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ADB: Kyrgyzstan Outlook for 2012

The economy is still recovering from the political crisis of April 2010. A new government has been set up, public confidence is slowly returning, and all sectors have seen growth. Improved tax administration and high gold prices increased government revenue, but higher civil service wages and social spending, alongside continuing reconstruction in the south, strained overall finances. Integration into the customs union with the Russian Federation, Belarus, and Kazakhstan may be a challenge, with risks of inflation pressures, unemployment, and trade disruptions.

Following a sluggish first quarter, real growth picked up as the year progressed, reaching 5.7% for 2011. All sectors showed robust gains, reflecting improved security and sustained public confidence after the events of April 2010, which saw the ouster of the president and ethnic violence in the south.

Agriculture showed a modest bounce back to 2.3% growth, following its 2.6% contraction in 2010. Industry expanded by 8.8%, with growth in nearly all major subsectors. Manufacturing grew by 9.8%, or 18.8% excluding gold production, which declined slightly year on year due to low gold concentration in ore extracted during the year. Textile and chemical industries grew especially fast, reflecting the resumption of trade with the Russian Federation and Kazakhstan (disrupted by the crisis). The services sector, which fell sharply in 2010 following the political events, rebounded by 5.2%, reflecting improved consumer sentiment and the reopening of borders with Kazakhstan and Uzbekistan.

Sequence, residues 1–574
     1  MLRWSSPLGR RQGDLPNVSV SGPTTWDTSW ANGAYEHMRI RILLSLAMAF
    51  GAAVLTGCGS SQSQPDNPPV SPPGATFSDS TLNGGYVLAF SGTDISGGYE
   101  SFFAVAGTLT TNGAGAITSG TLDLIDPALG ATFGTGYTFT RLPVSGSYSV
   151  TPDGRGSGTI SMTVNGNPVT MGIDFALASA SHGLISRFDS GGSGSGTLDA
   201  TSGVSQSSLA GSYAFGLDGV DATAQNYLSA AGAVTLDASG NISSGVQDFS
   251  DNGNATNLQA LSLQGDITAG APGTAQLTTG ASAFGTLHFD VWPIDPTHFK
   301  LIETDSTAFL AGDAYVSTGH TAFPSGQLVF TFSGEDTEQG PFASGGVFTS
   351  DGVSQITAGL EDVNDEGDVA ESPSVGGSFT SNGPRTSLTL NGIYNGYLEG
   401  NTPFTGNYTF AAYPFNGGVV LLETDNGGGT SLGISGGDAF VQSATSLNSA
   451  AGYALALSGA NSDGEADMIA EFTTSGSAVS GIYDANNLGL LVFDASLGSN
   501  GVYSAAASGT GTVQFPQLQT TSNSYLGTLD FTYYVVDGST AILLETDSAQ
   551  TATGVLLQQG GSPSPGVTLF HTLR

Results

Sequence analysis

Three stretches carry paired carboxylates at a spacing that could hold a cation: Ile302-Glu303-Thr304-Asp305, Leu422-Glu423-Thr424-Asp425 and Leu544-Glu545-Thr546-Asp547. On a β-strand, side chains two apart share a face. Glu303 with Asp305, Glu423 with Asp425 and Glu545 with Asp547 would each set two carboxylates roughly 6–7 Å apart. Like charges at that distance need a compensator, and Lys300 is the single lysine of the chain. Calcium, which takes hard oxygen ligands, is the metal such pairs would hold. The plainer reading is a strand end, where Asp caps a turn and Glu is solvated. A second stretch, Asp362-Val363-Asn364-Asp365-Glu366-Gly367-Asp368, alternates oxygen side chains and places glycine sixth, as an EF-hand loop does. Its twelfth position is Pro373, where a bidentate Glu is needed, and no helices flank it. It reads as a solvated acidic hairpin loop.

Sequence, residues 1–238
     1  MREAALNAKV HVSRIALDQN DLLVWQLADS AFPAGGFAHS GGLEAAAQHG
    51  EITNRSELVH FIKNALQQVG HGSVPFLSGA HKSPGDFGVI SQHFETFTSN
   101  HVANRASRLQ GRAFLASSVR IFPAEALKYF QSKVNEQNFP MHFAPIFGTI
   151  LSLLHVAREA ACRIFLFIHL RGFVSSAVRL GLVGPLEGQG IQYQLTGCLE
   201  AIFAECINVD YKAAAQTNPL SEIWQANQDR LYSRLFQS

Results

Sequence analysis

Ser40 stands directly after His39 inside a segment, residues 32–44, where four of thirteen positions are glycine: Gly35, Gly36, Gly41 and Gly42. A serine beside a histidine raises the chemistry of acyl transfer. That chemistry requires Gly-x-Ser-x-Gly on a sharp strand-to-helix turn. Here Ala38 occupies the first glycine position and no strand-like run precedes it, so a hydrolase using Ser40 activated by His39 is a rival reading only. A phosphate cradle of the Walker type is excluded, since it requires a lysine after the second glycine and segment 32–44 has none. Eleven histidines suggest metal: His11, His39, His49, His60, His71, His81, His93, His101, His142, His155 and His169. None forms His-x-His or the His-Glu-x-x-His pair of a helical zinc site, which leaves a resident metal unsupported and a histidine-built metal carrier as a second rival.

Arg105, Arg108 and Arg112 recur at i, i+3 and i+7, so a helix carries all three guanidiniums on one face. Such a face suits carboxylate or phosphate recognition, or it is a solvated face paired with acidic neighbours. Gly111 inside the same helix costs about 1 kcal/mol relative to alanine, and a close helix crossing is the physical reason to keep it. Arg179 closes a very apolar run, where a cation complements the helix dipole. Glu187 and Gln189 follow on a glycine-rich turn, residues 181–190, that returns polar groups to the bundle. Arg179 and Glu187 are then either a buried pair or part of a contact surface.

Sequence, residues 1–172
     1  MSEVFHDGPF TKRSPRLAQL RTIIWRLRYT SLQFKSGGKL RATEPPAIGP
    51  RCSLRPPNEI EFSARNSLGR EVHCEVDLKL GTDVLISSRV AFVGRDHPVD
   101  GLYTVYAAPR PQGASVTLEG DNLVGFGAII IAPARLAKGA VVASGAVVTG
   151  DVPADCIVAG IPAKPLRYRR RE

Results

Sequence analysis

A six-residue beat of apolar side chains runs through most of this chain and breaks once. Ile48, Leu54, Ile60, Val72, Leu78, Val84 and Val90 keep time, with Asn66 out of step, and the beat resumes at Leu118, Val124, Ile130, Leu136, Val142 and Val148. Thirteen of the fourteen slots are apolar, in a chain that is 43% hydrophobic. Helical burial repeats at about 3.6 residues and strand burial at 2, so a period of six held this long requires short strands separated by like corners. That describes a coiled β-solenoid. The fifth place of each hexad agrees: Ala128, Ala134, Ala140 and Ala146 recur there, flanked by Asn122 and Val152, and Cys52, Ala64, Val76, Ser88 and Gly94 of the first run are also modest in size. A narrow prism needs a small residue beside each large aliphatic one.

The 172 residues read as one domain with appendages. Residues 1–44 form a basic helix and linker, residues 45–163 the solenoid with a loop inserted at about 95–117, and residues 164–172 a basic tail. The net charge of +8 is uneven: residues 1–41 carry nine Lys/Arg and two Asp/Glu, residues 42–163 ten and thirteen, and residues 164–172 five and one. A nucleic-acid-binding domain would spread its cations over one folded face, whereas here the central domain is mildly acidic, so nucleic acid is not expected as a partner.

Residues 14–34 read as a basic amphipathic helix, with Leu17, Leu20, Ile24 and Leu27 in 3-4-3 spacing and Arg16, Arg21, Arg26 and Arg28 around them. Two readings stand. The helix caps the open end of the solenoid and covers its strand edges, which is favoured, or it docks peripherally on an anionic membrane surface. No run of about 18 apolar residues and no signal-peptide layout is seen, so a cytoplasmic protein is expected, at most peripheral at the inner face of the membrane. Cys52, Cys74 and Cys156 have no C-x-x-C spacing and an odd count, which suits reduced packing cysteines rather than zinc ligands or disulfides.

GDP growth is expected to slow to 5.0% in 2012 and then rise to 5.5% in 2013. With the restoration of public confidence and political stability, higher domestic demand and stronger investor confidence are expected to spur private sector activity in the non-gold sectors. Against this, the adverse impact of the eurozone recession on Kazakhstan and the Russian Federation—key trading partners and sources of worker remittances – will inhibit growth. Private transfers are expected to stay around 20-25% of GDP, however. Growth is expected to be driven by the industry and services sectors. Government plans to provide subsidized loans to farmers in 2012 are expected to promote growth in agriculture. Large investment projects in infrastructure will drive construction, such as rehabilitating major road networks and building new power grids. Many other projects, including additional power grids and hydropower plants, remain under negotiation.